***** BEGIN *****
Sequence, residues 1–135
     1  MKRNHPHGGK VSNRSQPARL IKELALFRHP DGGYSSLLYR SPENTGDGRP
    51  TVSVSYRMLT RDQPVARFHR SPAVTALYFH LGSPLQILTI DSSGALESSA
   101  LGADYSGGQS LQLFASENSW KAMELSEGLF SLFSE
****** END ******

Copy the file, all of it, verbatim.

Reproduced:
Sequence, residues 1–135
     1  MKRNHPHGGK VSNRSQPARL IKELALFRHP DGGYSSLLYR SPENTGDGRP
    51  TVSVSYRMLT RDQPVARFHR SPAVTALYFH LGSPLQILTI DSSGALESSA
   101  LGADYSGGQS LQLFASENSW KAMELSEGLF SLFSE